post colonial theory
post colonial theorya wide-ranging body of economic, social and cultural critique that investigates the conditions arising from and pertaining to the formation of empires, the impact of colonial rule and its aftermath. Generally indicating the time after World War II when imperial rule began to crumble in colonized nations, post colonialism raised issues of nationality, cultural identity and the use of language as a means of oppression. One of the most notable writers in this field was Frantz FANON whose contribution to the debate, Black Skin, White Masks, yielded further critique from writers such as Edward SAID and Albert MEMMI. Providing psychoanalytical, historical and cultural analysis of colonial rule, they argued that imperialism produced inferior subjects by devaluing the domestic language and culture, which in turn affected both their own sense of identity and outside perception of the culture. However, as post colonial theory emerged as a growing discourse, writers such as Homi Bhabha and Stuart HALL began to question the value of promoting an essentialist vision of society when identity has evolved beyond any set idea of singular subjectivity. Here notions of‘hybridity’ and ‘syncretism’ have been developed in order to highlight the diasporic (see DIASPORA) and global nature of post-colonial culture, where the subject can make use of a myriad of identities in order to constitute a fluid self-image.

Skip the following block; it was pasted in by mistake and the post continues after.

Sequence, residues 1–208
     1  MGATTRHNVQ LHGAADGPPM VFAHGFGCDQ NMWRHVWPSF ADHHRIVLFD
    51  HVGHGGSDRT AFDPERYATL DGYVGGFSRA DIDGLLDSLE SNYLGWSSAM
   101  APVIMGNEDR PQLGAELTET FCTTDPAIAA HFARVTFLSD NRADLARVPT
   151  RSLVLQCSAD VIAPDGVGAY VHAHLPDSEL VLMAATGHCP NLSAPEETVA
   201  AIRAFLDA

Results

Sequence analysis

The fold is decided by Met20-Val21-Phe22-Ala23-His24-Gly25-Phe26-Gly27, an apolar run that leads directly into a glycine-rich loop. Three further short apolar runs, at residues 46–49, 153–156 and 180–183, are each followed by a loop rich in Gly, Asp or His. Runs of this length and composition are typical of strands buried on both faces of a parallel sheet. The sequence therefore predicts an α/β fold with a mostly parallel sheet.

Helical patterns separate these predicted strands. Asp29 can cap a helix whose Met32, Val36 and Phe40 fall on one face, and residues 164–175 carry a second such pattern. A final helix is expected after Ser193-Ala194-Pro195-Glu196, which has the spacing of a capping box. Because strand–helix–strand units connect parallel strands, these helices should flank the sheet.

Collins Dictionary of Sociology, 3rd ed. © HarperCollins Publishers 2000